“When the horses became sick I was already suffering headaches because of the altitude. Then the snow came. That’s when I realized our chances of surviving were growing slimmer,” the English pilgrim remembered.


Yet fate wasn’t done with Robinson. He and his horses were on a treacherous portion of the trail that left them balanced on top of a 100 foot drop down to a raging river below. With things already looking grim, the horses bolted.


“We all three ending up falling down the slope. If we had slid for another 4 feet we would have gone over the edge into the river,” Robinson said.


“That’s when I cried, he recalled, “I couldn’t see my way through anymore.”


If, as he later told the Indian court, Robinson had launched the expedition as a spiritual journey that would test him to the limit and bring him face to face with death, the weary traveller had reached his physical and spiritual goals by surviving sub-zero temperatures at high altitude and crossing raging Himalayan torrents. He now knew that the more you know, the less you need. But what he needed was help.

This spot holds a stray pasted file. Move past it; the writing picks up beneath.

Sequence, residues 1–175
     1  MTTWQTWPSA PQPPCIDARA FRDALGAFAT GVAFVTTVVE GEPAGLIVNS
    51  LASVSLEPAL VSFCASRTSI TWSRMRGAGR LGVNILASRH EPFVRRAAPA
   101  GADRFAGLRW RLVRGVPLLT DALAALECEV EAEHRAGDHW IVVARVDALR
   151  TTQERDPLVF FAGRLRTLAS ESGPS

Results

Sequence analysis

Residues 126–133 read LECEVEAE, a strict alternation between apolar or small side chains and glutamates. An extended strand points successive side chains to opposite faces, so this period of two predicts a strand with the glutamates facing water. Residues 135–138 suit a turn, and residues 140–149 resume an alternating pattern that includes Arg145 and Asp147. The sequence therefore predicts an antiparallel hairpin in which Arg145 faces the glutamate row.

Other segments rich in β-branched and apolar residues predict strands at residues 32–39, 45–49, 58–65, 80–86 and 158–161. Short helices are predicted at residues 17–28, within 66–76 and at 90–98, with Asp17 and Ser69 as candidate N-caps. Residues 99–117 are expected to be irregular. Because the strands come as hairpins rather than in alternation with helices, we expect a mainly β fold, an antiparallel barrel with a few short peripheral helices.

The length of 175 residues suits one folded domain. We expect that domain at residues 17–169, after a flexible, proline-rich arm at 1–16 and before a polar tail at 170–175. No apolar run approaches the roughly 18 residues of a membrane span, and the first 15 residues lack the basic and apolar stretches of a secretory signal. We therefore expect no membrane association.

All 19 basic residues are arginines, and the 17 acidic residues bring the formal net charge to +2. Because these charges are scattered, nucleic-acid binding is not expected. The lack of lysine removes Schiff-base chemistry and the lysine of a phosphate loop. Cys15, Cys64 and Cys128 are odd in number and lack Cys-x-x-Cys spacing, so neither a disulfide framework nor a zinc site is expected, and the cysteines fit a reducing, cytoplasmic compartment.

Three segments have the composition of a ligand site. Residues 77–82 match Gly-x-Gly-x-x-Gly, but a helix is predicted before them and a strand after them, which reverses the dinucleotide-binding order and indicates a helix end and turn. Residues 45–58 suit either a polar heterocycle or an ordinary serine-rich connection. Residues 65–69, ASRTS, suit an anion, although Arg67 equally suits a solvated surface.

At the end of October, 2006, with the temperatures dropping, Robinson decided to head south towards Nepal and the end of his long pilgrimage along the Tea Horse Trail. The problem was that he no longer had a map, didn’t know exactly where Nepal began and had no entry visa for India.

But with winter’s icy winds rushing down on him from the high slopes of the Himalayas, Robinson began trying to guide his still trusting, but now ill, horses south as quickly as possible. Then their food ran out in a vast and empty landscape. To make matters worse, the weather was trying to kill them and they were all three weary unto death.


Under such conditions mistakes are made.


With his horses clinging to life, and the temperature plummeting, circumstances forced Robinson to change course away from the more distant Nepal and descend instead down a mountain pass into Uttaranchal, one of India’s northern Himalayan states bordering China.


Thus in freezing weather and desperate for assistance, Robinson crossed the northern Indian border near Mana and entered a military zone without a visa. Yet instead of attempting to evade the authorities, Robinson sought help by walking into the Lapkhal military post near Chamoli, thereby making the fateful decision to place the veterinary requirements of his horses before his own legal needs.